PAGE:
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Genetic and Epigenetic Control of V Gene Rearrangement Frequency

  • Ann J. Feeney
Part of the Advances in Experimental Medicine and Biology book series (volume 650)

Abstract

The antibody repertoire is enormous and reflects the power of combinatorial and junctional diversity to generate a vast repertoire with a moderate number of V, D and J gene segments. However, although there are many VH and VK gene segments, the usage of these genes is highly unequal. In this chapter, we summarize our studies elucidating many of the factors that contribute to this unequal rearrangement frequency of individual gene segments. Firstly, there is much natural variation in the sequence of the Recombination Signal Sequences (RSS) that flank each recombining gene. This genetic variation contributes greatly to unequal recombination frequencies. However, other factors also play a major role in recombination frequencies, as evidenced by the fact that some genes with identical RSS rearrange at very different frequencies in vivo. Analysis of these gene segments by chromatin immunoprecipitation (ChIP) suggests that differences in the structure of the chromatin associated with each gene is also a major factor in differential accessibility for rearrangement. Finally, transcription factors can direct accessibility for recombination, possibly by recruiting chromatin-modifying enzymes to the vicinity of the gene segment. Together, these factors dictate the composition of the newly formed antibody repertoire.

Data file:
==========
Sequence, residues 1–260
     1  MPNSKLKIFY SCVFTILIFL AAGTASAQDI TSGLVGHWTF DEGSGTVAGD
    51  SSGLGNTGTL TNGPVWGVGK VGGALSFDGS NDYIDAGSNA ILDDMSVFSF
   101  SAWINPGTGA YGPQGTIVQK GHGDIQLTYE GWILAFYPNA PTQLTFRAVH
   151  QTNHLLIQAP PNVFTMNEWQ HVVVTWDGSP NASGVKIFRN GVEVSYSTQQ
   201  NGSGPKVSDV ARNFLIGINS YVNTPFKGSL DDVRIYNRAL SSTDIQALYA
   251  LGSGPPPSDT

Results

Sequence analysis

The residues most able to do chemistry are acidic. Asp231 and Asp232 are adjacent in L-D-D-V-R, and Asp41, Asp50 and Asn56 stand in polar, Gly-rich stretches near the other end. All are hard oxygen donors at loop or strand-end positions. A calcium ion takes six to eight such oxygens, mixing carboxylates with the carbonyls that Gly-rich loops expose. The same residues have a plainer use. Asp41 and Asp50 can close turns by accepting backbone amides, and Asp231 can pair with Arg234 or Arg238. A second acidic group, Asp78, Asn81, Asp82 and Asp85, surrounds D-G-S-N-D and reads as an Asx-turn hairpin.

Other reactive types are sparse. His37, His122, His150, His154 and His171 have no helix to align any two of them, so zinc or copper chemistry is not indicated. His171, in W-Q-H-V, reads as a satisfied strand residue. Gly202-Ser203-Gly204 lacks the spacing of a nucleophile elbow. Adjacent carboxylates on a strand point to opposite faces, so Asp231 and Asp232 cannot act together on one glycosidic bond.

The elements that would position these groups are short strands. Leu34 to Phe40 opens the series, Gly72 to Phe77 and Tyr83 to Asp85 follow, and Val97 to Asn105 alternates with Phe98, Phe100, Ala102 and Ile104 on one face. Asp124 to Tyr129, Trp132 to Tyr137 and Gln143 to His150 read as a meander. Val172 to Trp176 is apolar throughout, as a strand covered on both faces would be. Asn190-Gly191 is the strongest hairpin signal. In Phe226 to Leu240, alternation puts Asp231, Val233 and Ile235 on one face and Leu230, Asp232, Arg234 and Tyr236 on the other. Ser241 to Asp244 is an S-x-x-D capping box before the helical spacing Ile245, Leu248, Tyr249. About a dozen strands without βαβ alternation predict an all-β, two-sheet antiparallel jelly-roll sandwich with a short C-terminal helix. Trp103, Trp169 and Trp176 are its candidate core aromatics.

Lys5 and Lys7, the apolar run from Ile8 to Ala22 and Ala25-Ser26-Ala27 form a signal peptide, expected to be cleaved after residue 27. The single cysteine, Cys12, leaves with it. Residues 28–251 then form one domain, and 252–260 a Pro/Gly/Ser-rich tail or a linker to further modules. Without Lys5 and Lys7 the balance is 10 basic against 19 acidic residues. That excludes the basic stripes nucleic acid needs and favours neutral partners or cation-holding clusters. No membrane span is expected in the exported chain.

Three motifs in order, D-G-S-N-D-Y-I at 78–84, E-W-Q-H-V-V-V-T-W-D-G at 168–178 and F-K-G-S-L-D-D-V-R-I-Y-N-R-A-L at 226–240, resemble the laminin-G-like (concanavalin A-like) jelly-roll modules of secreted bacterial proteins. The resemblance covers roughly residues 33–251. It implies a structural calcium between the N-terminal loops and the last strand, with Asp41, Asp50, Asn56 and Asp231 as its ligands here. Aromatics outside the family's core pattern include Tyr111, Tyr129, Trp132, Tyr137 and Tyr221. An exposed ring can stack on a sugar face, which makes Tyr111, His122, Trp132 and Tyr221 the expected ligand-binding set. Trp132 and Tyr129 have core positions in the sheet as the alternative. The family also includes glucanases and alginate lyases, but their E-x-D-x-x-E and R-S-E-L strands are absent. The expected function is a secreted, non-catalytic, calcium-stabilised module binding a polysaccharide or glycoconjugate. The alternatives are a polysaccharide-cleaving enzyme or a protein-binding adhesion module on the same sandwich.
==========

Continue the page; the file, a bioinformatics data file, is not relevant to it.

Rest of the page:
Keywords

Gene Segment Recombination Signal Sequence Antibody Repertoire Nonlymphoid Cell Recombination Substrate 
These keywords were added by machine and not by the authors. This process is experimental and the keywords may be updated as the learning algorithm improves.

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Copyright information

© Landes Bioscience and Springer Science+Business Media 2009

Authors and Affiliations

  • Ann J. Feeney
    • 1
  1. 1.Department of Immunology, IMM22The Scripps Research InstituteLa JollaUSA

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